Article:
After the main menu appears select Disk Utility and click on the Continue button. Select the hard drive's main entry then click on the Partition tab in the DU main window.
    2.   You should see the graphical sizing window showing the existing partitions. A portion may appear as a blue rectangle representing the used space on a partition.
    3.    In the lower right corner of the sizing rectangle for each partition is a resizing gadget. Select it with the mouse and move the bottom of the rectangle upwards until you have reduced the existing partition enough to create the desired new volume's size. The space below the resized partition will appear gray. Click on the Apply button and wait until the process has completed.  (Note: You can only make a partition smaller in order to create new free space.)
    4.   Click on the [+] button below the sizing window to add a new partition in the gray space you freed up. Give the new volume a name, if you wish, then click on the Apply button. Wait until the process has completed.
    You should now have a new volume on the drive.
    It would be wise to have a backup of your current system as resizing is not necessarily free of risk for data loss.  Your drive must have sufficient contiguous free space for this process to work.
    Step Two: Obtain a clone of a Snow Leopard system:
    You will need access to a Mac already running Snow Leopard. You will need a 16 GB USB flash drive or an external hard drive to which you can clone the Snow Leopard system from the Mac that has Snow Leopard installed. Alternatives are:
    Option One:
    Install a new Snow Leopard system onto a USB flash drive. Boot the Mac used for installing with the USB flash drive. Update the flash drive system to 10.6.8 using the Mac OS X 10.6.8 Update Combo v1.1 to update Snow Leopard. Verify that you can boot the Mac with the USB flash drive.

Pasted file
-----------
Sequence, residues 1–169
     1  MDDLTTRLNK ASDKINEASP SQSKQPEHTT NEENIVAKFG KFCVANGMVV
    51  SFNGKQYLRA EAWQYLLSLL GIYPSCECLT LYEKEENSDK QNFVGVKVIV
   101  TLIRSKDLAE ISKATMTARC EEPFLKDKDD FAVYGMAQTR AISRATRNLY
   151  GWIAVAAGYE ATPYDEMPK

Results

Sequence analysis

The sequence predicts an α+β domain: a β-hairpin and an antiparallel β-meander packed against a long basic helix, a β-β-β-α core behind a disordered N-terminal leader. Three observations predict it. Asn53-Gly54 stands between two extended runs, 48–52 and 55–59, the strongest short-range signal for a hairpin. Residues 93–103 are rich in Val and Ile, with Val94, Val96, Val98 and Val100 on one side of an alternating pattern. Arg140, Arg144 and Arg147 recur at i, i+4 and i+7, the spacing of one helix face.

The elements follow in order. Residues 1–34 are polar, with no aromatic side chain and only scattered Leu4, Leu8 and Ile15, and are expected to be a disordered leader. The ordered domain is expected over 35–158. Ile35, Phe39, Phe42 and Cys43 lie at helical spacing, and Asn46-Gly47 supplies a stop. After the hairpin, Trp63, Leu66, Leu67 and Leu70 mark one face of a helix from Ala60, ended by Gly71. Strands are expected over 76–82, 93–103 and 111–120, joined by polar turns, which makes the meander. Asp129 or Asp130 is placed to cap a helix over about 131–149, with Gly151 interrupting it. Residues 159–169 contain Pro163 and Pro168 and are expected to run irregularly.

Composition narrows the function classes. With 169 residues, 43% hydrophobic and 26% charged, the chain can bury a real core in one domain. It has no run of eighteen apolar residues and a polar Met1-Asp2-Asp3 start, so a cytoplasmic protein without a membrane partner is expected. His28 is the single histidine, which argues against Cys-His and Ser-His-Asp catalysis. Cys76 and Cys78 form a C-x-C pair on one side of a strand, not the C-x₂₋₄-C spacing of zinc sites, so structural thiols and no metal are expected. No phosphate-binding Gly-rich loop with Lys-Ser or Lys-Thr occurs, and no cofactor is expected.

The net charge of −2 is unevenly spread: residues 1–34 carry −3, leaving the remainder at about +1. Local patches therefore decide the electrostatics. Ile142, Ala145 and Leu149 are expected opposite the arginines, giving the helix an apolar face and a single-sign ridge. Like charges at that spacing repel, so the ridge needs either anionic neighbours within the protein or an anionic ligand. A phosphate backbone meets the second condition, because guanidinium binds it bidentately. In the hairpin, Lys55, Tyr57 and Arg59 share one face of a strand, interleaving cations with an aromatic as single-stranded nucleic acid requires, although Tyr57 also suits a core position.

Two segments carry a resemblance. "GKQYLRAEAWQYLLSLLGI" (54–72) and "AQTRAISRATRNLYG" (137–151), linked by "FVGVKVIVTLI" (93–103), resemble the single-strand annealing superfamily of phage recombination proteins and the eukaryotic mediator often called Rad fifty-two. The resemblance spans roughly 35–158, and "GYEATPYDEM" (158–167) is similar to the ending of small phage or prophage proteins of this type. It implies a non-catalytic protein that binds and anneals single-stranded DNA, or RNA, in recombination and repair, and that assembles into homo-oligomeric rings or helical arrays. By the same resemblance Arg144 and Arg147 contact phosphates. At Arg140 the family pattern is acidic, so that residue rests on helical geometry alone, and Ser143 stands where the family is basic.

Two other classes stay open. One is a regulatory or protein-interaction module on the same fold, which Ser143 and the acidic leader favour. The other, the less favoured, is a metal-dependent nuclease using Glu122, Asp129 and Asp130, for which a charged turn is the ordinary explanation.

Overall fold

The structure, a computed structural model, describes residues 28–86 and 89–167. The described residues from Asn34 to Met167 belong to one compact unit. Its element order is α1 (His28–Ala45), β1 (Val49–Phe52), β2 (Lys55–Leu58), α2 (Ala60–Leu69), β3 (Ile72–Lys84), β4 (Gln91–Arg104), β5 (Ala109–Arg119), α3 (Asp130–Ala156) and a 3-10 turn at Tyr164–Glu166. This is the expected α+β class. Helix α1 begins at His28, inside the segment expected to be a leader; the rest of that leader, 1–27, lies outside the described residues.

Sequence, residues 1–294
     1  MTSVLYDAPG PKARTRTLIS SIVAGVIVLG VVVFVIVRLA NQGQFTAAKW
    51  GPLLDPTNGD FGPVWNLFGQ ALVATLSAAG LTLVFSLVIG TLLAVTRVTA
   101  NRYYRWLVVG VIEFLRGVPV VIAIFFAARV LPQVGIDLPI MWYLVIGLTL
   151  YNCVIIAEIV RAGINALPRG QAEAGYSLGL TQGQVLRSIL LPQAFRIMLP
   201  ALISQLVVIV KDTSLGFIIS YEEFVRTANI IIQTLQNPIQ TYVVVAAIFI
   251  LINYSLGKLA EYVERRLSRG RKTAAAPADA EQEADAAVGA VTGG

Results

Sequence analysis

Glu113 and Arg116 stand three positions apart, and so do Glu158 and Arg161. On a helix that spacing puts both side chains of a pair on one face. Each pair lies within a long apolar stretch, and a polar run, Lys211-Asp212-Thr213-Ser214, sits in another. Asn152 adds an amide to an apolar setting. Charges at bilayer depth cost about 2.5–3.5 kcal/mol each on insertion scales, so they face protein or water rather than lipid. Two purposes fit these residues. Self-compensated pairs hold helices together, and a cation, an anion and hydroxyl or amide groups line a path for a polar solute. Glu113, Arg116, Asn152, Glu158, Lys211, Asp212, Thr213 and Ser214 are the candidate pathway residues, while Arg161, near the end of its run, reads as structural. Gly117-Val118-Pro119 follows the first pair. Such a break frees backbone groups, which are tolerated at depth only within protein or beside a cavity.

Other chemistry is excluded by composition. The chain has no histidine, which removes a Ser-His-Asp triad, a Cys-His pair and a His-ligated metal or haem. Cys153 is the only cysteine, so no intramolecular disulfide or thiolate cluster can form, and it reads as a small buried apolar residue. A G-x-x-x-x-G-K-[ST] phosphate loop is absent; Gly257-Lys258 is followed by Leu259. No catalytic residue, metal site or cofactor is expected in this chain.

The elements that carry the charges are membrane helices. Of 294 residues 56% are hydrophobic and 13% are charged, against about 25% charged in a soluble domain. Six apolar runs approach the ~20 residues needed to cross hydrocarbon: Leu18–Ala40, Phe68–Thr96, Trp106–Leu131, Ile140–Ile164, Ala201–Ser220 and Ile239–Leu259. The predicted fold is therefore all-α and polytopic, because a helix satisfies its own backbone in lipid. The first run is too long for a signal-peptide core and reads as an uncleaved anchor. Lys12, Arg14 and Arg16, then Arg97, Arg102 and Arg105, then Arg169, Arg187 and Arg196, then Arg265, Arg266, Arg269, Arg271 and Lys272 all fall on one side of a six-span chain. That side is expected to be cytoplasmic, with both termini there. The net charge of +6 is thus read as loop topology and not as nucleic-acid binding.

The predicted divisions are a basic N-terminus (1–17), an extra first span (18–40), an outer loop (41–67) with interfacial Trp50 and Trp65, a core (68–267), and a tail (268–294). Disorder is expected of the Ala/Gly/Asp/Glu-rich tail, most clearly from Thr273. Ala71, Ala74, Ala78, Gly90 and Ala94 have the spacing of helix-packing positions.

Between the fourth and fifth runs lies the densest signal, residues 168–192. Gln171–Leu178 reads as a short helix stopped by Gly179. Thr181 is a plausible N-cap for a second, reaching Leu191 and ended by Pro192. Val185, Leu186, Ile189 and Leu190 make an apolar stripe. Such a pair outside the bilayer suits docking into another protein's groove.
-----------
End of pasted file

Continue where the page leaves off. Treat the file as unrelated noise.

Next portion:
Take the USB flash drive to your new Mac and try booting from it. If it works then clone the system from the flash drive to the newly made partition:
              Clone using Restore Option of Disk Utility
    Open Disk Utility from the Utilities folder.
    Select the destination volume from the left side list.
    Click on the Restore tab in the DU main window.
    Check the box labeled Erase destination.
    Select the destination volume from the left side list and drag it to the Destination entry field.
    Select the source volume from the left side list and drag it to the Source entry field.
    Double-check you got it right, then click on the Restore button.
              Destination means the new partition on the internal drive. Source means the USB flash drive.
    Option Two:
    If you have a large enough external drive you can erase and use, then it would be easier to just clone the entire Snow Leopard system from the source Mac computer to the external drive.
              Clone using Restore Option of Disk Utility
    Open Disk Utility from the Utilities folder.
    Select the destination volume from the left side list.